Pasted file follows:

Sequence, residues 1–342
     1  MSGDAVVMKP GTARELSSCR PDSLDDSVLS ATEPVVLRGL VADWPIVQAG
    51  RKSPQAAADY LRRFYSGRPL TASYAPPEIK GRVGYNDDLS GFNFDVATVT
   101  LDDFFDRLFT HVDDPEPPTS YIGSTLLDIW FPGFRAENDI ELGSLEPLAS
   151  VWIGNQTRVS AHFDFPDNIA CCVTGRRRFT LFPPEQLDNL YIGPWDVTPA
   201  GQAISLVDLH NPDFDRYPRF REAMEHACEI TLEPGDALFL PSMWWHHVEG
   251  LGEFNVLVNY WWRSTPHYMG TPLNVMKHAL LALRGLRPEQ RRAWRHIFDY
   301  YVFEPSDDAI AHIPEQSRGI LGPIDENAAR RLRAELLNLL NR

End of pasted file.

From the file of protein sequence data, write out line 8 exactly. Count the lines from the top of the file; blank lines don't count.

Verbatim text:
   301  YVFEPSDDAI AHIPEQSRGI LGPIDENAAR RLRAELLNLL NR